In this episode of our series on the Basics of Photography, we’re going to talk about a topic that isn’t very popular, but that almost every photographer has to deal with from time to time: noise. Or, more specifically, image noise of the kind that appears in digital photographs under certain circumstances. In this article, we’re going to look at the different kinds of digital image noise, the specific circumstances under which it appears, and how to get rid of it without compromising the overall quality of the final image.
What is Digital Image Noise?
Remember back in the old days of analog TV how all you’d see was ‘snow’ when a TV station wasn’t tuned in correctly? What you would see were, in principal, rogue electromagnetic signals that got picked up by your TV’s antenna and displayed as static on the TV. In digital photography, the noise that appears in images is a bit like that, only that the static doesn’t come from outside the sensor, but is generated in the sensor itself.
Because a digital camera’s sensor isn’t a 100% perfect machine, the electronic signals that are being used to create an image don’t always behave as they’re supposed to. They have a habit of jumping from photosite (i.e. pixel) to photosite, basically corrupting the information that will later make up each pixel’s color and brightness information. This can happen both while the image is being recorded and while the sensor’s data is being read out.
What Kinds of Digital Image Noise are There?
Digital image noise comes in various flavors, and not all of them can be controlled equally well. The most apparent kinds of noise are chroma and luminance noise, which are aberrations in brightness and color information that are usually limited to individual pixels. These two types of noise can be dealt with easily in most image processing softwares. Other kinds of noise, such as blotching and banding, are much more difficult to get rid off, and much more unpleasant to look at.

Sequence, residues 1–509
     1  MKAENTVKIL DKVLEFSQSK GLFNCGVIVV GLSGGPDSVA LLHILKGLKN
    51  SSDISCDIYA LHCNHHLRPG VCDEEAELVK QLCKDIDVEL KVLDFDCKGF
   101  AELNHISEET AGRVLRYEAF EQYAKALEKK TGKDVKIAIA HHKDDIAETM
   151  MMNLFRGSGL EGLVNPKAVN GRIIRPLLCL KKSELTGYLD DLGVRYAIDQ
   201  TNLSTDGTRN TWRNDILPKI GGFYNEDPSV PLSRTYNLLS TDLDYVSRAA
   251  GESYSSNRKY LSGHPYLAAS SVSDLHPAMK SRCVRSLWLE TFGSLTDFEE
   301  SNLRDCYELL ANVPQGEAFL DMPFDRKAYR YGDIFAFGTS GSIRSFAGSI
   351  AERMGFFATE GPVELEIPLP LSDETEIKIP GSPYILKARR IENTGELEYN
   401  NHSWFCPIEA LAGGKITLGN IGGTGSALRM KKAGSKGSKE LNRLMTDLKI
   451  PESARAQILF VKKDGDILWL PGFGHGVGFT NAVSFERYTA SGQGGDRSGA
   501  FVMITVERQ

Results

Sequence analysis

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This is the type of noise that most closely resembles the grain of analog film. Since analog film is composed of chemical substances, it consists of tiny particles that suck in the light and get stuck in the emulsion after the film is developed. Since they vary in size and shape, a developed film image, when enlarged, can show a certain amount of grain that is due to these differences in the particles that make up the film emulsion. In digital images, luminance noise describes slight differences in brightness between individual pixels.
Take for example a photograph of a clear blue sky. Instead of ending up with one uniformly blue area in the resulting image, you’ll notice that when zooming in, the individual pixels making up the sky all have a slightly different brightness. This makes the image look like it was sprinkled with tiny grains of salt and pepper–hence the designation ‘grain’. Depending on you camera’s settings, this grain can be very subtle and hardly obtrusive, or it can be very strong in which case you might want to get rid of it (more on that later.)
Where luminance noise occurs, chroma noise won’t be far. This is the color-information equivalent of luminance noise, that is small aberrations in color between individual pixels, instead of brightness. Chroma noise is most apparent in the darker areas of an image, and looks a bit like someone sprinkled multi-colored confetti all over your picture. Unlike luminance noise, chroma noise is perceived as very unpleasant by most people, but thankfully most image processing and noise reduction softwares do a great job of getting rid of it.
Blotching is a particularly unpleasant kind of image noise. As its name suggests, blotching appears as large colored blotches in an image. Because these blotches vary in size and shape and cover larger areas of multiple pixels, they are usually very difficult to get rid of. Blotching appears mostly at higher ISO sensitivites, and is more common in compact cameras with small sensor, but it can also occasionally appear in images that were taken with mirrorless or DSLR camera sporting larger sensors.